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Yong-Cheol Lee reviews the animation short Mascot by Kim Leeha.

The Korean animation short Mascot by Kim Leeha  won the special mention at the 2020 Clermont-Ferrand Film Festival, plus a lot of other festival awards and screenings.

The fox who wants to be a mascot for the city goes to a mascot training academy. He lives in a very tiny house and works many part-time jobs. He is still getting many Mascot auditions with taking loans at high-interest rates for undergoing plastic surgery - Synopsis

If one saw only the visual style of Mascot, they would be forgiven for imagining it to be a fable set in a city, judging by its pastel tones, pretty colors, and images of the fox and other animals. But by the end of the animation, they might feel betrayed by that assumption. Director Kim Leeha had no intention to abide by the pastel tone and pretty colors. He refuses to create a bright atmosphere and instead sustains a feeling of enervation, using melancholy pastels throughout the film. The film shows a dimly lit city in the pale, early morning hours near the beginning of the film. Anyone in Seoul who has had somewhere to go at the break of dawn will recognize the cold, damp feeling of the hour that Kim Leeha is showing us. 

Moreover, the fox and other animals that appear in the film are far removed from the naive characters seen in fables. The only voice that is heard in the film belongs to the fox narrator, and his long monologue offers a view of the breathless pace of life for young people trapped in the modern-day rat race. Despite appearances, he is not one to be easily taken in, just as Mascot tells a world-weary story that belies the cuteness of its title.

I want to express the despair and pain of ordinary young people at the present day - Kim Leeha

Watch Mascot Trailer:

In order to pass the mascot exam, the fox attends a hagwon in the district of Noryangjin. The animal students look absurd as they practice moving their bodies to imitate popular mascots with big heads. But anyone who criticizes them for working part-time and studying hard, just to become a mascot, hasn’t been confronted with the harsh real world. Decades ago, some people mocked the increasing numbers of fresh college graduates who applied in droves for low-grade civil servant positions. But today, who would mock the people seeking such jobs? The fox and the other animals must become mascots if they are to live as equals among human beings. A wily fox must make himself look like a friendly dog instead as a matter of survival. The young fox, who has thrown himself into the competitive world, shares the story of his everyday life in a clear voice.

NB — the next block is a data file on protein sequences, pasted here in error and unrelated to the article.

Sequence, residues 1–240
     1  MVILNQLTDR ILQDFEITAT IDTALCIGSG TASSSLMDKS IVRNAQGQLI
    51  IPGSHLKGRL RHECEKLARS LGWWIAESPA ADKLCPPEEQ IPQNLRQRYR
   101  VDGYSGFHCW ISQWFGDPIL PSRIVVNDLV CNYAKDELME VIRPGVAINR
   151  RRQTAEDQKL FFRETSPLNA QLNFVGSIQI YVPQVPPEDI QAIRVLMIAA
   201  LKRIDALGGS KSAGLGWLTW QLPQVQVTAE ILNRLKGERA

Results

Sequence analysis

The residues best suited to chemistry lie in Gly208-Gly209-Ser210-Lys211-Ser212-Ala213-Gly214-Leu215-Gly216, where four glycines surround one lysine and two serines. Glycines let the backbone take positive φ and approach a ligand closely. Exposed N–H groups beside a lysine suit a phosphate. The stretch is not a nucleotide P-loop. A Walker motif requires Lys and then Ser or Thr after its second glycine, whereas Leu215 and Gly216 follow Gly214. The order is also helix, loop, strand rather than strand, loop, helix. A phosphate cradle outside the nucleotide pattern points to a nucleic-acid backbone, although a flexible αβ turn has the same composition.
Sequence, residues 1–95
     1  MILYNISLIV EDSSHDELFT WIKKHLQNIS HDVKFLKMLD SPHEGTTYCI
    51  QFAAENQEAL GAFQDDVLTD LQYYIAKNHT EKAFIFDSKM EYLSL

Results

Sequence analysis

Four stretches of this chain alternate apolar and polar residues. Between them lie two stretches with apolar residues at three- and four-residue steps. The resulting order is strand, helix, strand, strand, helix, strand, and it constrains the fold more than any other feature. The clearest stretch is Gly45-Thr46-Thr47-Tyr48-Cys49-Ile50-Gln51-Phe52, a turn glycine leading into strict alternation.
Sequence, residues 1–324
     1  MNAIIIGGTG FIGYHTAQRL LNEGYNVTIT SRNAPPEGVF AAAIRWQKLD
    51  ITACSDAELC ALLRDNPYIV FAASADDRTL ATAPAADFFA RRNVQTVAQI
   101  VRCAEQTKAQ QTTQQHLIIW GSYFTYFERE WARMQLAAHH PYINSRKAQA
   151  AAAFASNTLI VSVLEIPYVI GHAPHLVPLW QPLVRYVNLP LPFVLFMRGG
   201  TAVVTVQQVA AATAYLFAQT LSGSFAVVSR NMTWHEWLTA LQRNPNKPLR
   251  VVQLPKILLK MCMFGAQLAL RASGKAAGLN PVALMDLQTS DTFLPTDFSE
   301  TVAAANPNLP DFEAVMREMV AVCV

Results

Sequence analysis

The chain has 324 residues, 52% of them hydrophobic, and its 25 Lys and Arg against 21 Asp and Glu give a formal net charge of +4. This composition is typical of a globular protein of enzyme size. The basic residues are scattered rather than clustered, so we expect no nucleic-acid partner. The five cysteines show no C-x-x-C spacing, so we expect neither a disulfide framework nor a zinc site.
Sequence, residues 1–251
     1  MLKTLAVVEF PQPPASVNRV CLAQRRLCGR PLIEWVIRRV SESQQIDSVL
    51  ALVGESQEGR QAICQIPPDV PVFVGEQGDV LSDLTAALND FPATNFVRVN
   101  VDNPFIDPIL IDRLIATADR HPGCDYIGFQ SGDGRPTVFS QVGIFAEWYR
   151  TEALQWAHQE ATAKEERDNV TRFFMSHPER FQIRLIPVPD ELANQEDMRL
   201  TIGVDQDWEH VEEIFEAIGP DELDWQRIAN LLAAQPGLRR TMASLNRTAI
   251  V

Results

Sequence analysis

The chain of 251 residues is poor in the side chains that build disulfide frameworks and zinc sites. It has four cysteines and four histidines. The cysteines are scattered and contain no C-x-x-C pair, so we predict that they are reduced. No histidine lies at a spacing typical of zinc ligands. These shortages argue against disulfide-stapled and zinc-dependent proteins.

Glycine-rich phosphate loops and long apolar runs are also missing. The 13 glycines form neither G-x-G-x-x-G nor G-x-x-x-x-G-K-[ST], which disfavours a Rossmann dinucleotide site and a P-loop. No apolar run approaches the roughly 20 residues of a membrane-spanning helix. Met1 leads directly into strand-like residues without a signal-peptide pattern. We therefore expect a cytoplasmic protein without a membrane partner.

But as we listen to the narration, it becomes harder to recognize just whom he is speaking to and for what purpose. It is evident what kind of work he is doing to make money, and what kind of test he is preparing for, even without hearing his voice. Nevertheless, the fox clearly relates each small detail, one after the next. In fact, he’s not trying to relay information. Instead, he is trying to convey his feelings of rage and frustration. His voice is the voice of those who suffer daily trials and hardships, directed at the mascots’ audiences who enjoy lives of comfort. Still, the fox is forced to maintain a cute and friendly voice, ever mindful of his ultimate goal of becoming a mascot. 

contributed by: Yong-Cheol Lee

Mascot (2019, Korea, 6:50) | 3D, colour
Director: Kim Leeha | Producer: Kwak Kihyuk | Animation: Kim Leeha | Character: Kim Leeha | Editing: Kim Leeha | Sound designer: Lee Haenee | Music: Shin Seungmin

About Kim Leeha:
He was born in Daegu, South Korea in 1980. On February 2008, he graduated from the Visual Image Design Department of Hansung University. He graduated from the Department of Animation at the Korea National University of Arts in February 2017. He is currently producing short animation in Studio LEEHA.

The article benefited from the help of Korea Independent Animation Filmmakers Association (KIAFA).

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